Monterey Bay Aquarium takes Apple to task for its backward squid emoji
Creating biologically accurate emoji representations of animals and insects are an issue for developers at Apple and Google, and the most recent example is no exception.
Apple’s squid emoji, which was integrated in 2016, is on the receiving end of scorn from the scientific community following a tweet from the Monterey Bay Aquarium team. The team addressed a serious misdeed on Apple’s part, in an effort to bring attention to sea life in general for ocean awareness. The squid in question, seen in the tweet below, is actually upside down, according to the team. The siphon should appear behind this little fella’s head, not on his face.
| ー __ | Not even squidding
| ◉ ◉ | the siphon should
▱ /∠ be behind the head
＼ | rn it just looks like
／ ＼ a weirdo nose:
/ | ￣￣￣￣￣￣￣
— Monterey Bay Aquarium (@MontereyAq) December 5, 2018
A squid’s siphon is a “muscular structure located on the ventral surface of the mantle,” according to the Museum of New Zealand. It serves two primary functions: helping the squid breathe and discharging wastes from its body. It’s the latter function that really causes an unstoppable shudder to roll through your body. Imagine this poor, adorable squid having to discharge his body’s waste on his face!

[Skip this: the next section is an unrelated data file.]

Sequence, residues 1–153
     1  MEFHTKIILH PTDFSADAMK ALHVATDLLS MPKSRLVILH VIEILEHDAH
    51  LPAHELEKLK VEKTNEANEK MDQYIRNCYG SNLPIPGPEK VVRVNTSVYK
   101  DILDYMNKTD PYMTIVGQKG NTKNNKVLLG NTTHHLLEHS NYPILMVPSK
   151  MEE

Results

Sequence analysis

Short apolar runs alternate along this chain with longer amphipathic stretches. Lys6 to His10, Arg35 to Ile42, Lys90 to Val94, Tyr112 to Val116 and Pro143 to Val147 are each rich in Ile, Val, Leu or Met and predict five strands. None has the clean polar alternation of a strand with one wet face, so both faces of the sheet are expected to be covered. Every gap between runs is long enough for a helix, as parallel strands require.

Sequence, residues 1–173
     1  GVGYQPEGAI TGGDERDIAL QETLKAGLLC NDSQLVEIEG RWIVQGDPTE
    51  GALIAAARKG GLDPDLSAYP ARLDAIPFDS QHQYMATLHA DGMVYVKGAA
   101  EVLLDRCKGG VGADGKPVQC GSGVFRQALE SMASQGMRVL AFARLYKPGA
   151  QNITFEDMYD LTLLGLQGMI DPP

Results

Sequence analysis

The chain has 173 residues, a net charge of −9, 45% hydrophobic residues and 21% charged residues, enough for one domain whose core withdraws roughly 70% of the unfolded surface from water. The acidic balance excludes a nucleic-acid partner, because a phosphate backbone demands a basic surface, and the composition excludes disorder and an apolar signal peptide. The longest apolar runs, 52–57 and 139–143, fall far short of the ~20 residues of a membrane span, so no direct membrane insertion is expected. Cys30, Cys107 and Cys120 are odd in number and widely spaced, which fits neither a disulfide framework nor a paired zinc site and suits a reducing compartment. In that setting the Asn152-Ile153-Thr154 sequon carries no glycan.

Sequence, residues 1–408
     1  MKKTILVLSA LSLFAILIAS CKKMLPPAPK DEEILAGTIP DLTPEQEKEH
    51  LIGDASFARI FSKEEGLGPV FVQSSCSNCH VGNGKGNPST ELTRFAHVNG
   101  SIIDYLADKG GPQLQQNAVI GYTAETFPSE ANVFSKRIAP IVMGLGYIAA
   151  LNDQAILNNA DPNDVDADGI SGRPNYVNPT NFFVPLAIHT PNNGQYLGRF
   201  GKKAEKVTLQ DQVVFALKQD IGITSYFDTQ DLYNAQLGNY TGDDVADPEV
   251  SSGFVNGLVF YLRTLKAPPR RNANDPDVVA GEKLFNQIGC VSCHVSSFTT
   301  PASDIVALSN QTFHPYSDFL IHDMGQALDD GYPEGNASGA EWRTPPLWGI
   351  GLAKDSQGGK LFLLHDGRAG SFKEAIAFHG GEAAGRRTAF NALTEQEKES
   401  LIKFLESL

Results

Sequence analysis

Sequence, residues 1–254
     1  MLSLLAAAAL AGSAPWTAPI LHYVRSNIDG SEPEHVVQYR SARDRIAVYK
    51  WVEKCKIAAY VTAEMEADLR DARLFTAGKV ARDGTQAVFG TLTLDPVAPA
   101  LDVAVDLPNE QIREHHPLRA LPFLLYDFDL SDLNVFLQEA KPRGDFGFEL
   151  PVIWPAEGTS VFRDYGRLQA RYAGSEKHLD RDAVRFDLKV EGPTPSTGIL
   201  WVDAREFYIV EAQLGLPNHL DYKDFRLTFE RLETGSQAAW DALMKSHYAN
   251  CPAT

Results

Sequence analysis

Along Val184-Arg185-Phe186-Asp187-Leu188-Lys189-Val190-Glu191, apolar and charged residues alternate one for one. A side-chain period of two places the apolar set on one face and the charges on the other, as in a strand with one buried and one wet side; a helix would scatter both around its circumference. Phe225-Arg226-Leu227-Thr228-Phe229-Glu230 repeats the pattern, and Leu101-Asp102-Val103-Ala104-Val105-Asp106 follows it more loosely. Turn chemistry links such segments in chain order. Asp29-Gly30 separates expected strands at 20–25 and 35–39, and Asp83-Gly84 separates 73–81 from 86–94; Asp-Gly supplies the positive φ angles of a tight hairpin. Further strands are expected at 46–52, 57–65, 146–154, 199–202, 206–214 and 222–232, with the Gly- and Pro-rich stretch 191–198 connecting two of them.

When the mantle expands while the squid is swimming through the water, it allows the cephalopod to breathe, pumping water over its gills. The mantle then contracts, which excretes waste from the squid’s body. The squid can also use the siphon to propel its way through water backward. Again, that sounds like a wholly unpleasant ordeal if the siphon is located directly above the squid’s face.
This isn’t the first time that people have taken Apple to task for its animal and insect emoji errors. The octopus emoji only has four arms, for example, while an earlier form of the lobster emoji only featured six legs instead of the anatomically correct eight.
It seems unlikely that Apple will fix this error two years later, but The Verge has reached out to Monterey Bay Aquarium’s team to find out why they waited two years to bring this important issue to light.